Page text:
ABSTRACT: Although the medicinal properties of berry fruit are well known, there is relatively little information available concerning the applications of other parts of berry plants. Thus, in this study we determined the nutritional value of the leaves of selected berry species and their possible application in health promoting diets. The levels of nutrients, and macro- and microelements in the leaves of four species collected from allotment gardens in the city of Szczecin, Poland (53°26′17″ N, 14°32′32″ E; altitude 7 m a.s.l.) were identified: raspberry (Rubus idaeus L.), blackberry (Rubus fruticosus L.), chokeberry (Aronia melanocarpa L.), and sea buckthorn (Hippophae rhamnoides L.). Sea buckthorn leaves were the richest source of protein, raspberry leaves had the highest levels of lipids, and the leaves of all four species studied were a rich source of crude fibre and dietary fibre fractions. Desirable Ca:P and Na:K ratios indicated their potential as a good source of minerals essential to bone formation and the treatment of hypertension. Sea buckthorn leaves contained high but also safe Fe levels (within recommended WHO limits) and, therefore, may become an alternative rich source of this element.
  • Compatibility and incompatibility in hyphal anastomosis of arbuscular mycorrhizal fungi Review

    Novais, Candido Barreto de; Pepe, Alessandra; Siqueira, José Oswaldo; Giovannetti, Manuela; Sbrana, Cristiana

    Abstract in English:

    ABSTRACT: Arbuscular mycorrhizal fungi (AMF), which live in symbiosis with 80 % of plants, are not able to grow when separated from their hosts. Spore germination is not host-regulated and germling growth is shortly arrested in the absence of host roots. Germling survival chances may be increased by hyphal fusions (anastomoses), which allow access to nutrients flowing in the extraradical mycelium (ERM). Perfect anastomoses, occurring with high frequency among germlings and the ERM of the same isolate, show protoplasm continuity and disappearance of hyphal walls. A low frequency of perfect fusions has been detected among co-specific genetically different isolates, although fungal nuclei have been consistently detected in all perfect fusions, suggesting active nuclear migration. When plants of different taxa establish symbioses with the same AMF species, anastomoses between ERM spreading from single root systems establish a common mycelium, which is an essential element to plant nutrition and communication. The interaction among mycelia produced by different isolates may also lead to pre-fusion incompatibility which hinders anastomosis formation, or to incompatibility after fusion, which separates the hyphal compartments. Results reported here, obtained by analyses of hyphal compatibility/incompatibility in AMF, suggest that anastomosis formation and establishment of protoplasm flow, fundamental to the maintenance of mycelial physiological and genetic continuity, may affect the fitness of these ecologically important biotrophic fungi.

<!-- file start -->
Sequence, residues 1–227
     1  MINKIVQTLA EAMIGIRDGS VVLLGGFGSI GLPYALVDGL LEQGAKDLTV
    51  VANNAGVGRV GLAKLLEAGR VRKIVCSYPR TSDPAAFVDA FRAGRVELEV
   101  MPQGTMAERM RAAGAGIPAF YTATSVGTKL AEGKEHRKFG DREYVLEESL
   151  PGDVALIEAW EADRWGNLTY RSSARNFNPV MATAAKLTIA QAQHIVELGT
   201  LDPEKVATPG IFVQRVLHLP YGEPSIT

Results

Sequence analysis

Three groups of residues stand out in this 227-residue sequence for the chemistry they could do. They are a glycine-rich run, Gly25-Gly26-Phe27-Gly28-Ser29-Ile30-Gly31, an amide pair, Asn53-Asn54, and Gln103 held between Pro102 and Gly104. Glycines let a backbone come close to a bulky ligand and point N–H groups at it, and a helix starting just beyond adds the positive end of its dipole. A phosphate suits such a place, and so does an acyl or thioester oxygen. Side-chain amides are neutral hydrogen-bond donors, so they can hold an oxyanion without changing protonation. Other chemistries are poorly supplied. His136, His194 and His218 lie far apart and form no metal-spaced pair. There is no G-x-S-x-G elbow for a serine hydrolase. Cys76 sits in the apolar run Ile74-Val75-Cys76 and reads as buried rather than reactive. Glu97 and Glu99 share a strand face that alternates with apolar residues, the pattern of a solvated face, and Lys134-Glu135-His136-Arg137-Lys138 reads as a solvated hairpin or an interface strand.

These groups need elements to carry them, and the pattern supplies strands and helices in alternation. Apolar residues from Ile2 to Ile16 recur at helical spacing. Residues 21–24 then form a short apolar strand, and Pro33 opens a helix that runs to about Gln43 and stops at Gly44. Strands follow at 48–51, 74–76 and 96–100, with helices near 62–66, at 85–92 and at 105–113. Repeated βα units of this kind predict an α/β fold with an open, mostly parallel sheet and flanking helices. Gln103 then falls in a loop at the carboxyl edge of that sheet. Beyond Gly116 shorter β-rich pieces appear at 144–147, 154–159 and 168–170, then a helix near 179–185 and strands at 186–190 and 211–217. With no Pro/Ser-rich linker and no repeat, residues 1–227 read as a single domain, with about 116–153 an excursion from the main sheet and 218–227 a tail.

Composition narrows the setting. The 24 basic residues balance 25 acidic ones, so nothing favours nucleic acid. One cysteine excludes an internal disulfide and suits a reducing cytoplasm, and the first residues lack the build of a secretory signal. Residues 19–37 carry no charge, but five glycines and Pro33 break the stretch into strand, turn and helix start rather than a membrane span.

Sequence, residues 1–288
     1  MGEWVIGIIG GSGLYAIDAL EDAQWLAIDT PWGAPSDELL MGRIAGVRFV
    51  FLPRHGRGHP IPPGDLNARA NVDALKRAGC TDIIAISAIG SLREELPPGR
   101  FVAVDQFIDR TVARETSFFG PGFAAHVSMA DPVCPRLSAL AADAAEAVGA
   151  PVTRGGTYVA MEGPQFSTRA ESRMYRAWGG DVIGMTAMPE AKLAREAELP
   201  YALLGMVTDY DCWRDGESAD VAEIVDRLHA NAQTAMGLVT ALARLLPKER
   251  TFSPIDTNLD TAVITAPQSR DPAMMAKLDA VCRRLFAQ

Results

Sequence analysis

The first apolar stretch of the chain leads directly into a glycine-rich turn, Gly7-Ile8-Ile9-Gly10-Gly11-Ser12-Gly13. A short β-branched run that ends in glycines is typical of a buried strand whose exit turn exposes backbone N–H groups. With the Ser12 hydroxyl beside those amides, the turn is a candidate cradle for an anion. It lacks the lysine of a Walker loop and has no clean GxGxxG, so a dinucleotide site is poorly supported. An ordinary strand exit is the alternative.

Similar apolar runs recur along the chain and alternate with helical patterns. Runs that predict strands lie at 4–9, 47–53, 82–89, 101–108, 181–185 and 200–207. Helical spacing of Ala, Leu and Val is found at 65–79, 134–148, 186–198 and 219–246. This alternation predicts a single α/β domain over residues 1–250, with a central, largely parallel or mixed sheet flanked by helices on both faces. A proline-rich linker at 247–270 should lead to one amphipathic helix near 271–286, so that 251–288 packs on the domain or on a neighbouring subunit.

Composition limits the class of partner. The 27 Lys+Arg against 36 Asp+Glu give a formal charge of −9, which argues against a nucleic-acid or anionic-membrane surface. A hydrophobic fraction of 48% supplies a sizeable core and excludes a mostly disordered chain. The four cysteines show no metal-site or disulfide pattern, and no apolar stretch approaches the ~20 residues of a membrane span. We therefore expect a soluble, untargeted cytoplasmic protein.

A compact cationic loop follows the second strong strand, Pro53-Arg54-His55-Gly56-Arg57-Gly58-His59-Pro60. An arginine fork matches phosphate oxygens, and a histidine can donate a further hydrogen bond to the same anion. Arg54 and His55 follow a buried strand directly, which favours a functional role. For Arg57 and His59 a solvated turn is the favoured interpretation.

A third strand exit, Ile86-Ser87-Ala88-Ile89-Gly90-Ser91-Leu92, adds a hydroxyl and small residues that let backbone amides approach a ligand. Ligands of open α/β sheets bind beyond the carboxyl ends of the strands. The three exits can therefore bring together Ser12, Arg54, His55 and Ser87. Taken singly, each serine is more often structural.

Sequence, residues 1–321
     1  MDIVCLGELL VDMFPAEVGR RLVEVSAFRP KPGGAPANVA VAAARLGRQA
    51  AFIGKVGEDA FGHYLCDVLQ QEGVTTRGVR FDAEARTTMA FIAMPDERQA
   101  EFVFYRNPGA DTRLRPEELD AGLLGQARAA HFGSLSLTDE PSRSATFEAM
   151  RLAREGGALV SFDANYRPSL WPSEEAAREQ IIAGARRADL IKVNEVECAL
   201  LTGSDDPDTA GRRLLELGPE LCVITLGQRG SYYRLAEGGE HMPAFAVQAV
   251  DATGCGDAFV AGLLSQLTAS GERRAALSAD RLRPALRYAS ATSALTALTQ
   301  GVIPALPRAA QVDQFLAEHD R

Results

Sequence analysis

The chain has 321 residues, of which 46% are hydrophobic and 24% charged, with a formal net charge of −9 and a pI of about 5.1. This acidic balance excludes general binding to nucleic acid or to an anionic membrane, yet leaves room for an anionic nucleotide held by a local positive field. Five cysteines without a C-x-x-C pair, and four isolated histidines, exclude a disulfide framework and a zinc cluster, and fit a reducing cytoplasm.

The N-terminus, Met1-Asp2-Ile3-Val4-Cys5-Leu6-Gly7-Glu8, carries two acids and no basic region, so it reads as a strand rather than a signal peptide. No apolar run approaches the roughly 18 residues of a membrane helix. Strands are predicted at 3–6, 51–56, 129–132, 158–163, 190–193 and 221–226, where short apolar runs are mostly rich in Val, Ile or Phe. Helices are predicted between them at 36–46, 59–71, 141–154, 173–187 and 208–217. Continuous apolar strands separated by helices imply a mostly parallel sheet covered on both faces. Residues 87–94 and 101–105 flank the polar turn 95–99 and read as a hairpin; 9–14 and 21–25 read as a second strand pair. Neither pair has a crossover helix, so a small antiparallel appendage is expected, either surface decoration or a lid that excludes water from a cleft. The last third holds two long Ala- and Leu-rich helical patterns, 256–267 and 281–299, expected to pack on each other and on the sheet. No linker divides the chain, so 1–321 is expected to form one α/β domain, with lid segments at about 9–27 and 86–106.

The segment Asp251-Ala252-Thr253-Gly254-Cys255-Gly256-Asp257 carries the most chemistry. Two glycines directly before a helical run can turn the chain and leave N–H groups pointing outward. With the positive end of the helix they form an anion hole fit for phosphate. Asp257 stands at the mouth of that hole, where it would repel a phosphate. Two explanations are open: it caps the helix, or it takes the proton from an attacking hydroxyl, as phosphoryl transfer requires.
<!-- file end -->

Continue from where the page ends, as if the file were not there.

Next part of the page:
• Fish and fishery products trade in Brazil, 2005 to 2015: A review of available data and trends Review

    Barone, Rafael Simões Coelho; Lorenz, Evandro Kleber; Sonoda, Daniel Yokoyama; Cyrino, José Eurico Possebon

    Abstract in English:

    ABSTRACT: Along the last ten years fish and fishery product trade in Brazil has been on a downward trajectory turning a profit of US$ 98.6 million in 2005 into a loss of US$ 1.25 billion by 2014. On the other hand, the country is a leading producer of grains and has the third largest animal feed industry in the world, which has added 5.5 million hectares of freshwater reservoirs and 3.5 million km2 of an exclusive marine economic zone in the same period, a sizable potential for development of the aquaculture industry. This study aims at unveiling strategies for the reduction of the deficit in the Brazilian seafood trade balance, based on critical analysis of the quantitative and qualitative characteristics of imported fishery products. The fish and fishery product trade in Brazil, from 2005 to 2015, was studied considering import and export data mined from the Brazilian Ministry of Development, Industry and Commerce databases through the Aliceweb system, and clustered as follows: processing; product species; origin; conservation; and group. The main imported products were gutted fresh fish, highest price (salmon); salted dried fish, higher price (cod); frozen fish fillets, lowest price (fish and hake). The replacement of fish imports by domestic production is not enough to enable consumers to identify the equivalence between products (technical, qualitative or organoleptic). Developing strategies for the production of fish and fishery products at competitive prices and quantities that meet consumer demand is an immediate need, and the development of the aquaculture industry a rational strategy.